A Guide to Graphical User Interface (GUI) Testing

Sep 2, 2022 | Best Practices

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Read our comprehensive guide to learn what GUI testing is, how to create an effective GUI test plan, and how to build GUI test cases.

What Is GUI Testing?

The term GUI stands for “graphical user interface,” meaning the part of a software application that is visible to the user. A GUI may contain menus, buttons, text boxes, images, and other elements. One of the first successful GUIs was the Apple Macintosh, which popularized the concept of a user “desktop” complete with a calendar, trash can, and calculator.

Early GUI - Apple Mcintosh

An early GUI: The Apple Macintosh released in 1984.

In the case of a calculator application, GUI testing would include verifying that the application responds correctly to events such as clicking on the number and function buttons. It would also confirm that appearance elements such as fonts and images conform to design specifications.

But in today’s testing environment, GUI is no longer limited to the desktop of a computer. It may be a mobile app that is available on all the major mobile platforms, or it may be a cloud application that must be supported by all the major browsers. Testers must perform cross-browser and cross-platform testing to identify defects and ensure that the application fulfills all requirements.

Graphical user interface testing is performed from the user’s perspective, instead of a developer’s. It occurs during system testing, which is a black-box testing method where no knowledge of the underlying code is necessary. System testing verifies that a complete, integrated system works as designed.

UI vs. GUI Software Testing: What’s the Difference?

User interface (UI) testing is similar to GUI testing, and the two terms are often treated as synonyms. However, UI is a broader concept that can include both GUI and Command Line Interfaces (CLIs). A CLI allows a user to interact with a computer system through text commands and responses. Although CLIs predate GUIs, they are still in use today and are often preferred by system administrators and developers.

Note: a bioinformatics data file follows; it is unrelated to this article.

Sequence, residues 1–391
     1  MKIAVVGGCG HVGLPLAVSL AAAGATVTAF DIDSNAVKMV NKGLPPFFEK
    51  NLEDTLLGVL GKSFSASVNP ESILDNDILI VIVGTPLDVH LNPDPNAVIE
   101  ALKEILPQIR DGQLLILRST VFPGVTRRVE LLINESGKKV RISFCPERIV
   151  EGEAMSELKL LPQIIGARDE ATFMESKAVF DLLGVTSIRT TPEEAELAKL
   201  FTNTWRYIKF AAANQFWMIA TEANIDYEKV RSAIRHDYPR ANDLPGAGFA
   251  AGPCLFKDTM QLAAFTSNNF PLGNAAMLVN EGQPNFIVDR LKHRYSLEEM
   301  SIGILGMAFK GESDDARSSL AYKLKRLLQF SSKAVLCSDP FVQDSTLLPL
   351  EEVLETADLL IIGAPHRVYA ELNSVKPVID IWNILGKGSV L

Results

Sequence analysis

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Tip

To get to the command line on a Windows PC, start the Command Prompt desktop application. On a Mac, open the Terminal application

While there is no universally accepted definition of testing terms, a good source is the International Software Testing Qualifications Board (ISTQB) in their Certified Tester Foundation Level Syllabus.

What Are the Popular GUI Testing Techniques?

Testing techniques describe how to test a target application, also known as the “application under test” or AUT. This section looks at three major GUI testing techniques: scripted testing, exploratory testing, and user experience testing.

V-model of software development

The V-model of software development identifies testing tasks for each stage of development.

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Scripted Testing

In scripted testing, software testers design and then execute pre-planned scripts to uncover defects and verify that an application does what it is supposed to do. For example, a script might direct a tester through the process of placing a specific order on an online shopping site. The script defines the entries that the tester makes on each screen and the expected outcome of each entry. The tester analyzes the results and reports any defects that are found to the development team. Scripted testing may be performed manually or supported by test automation.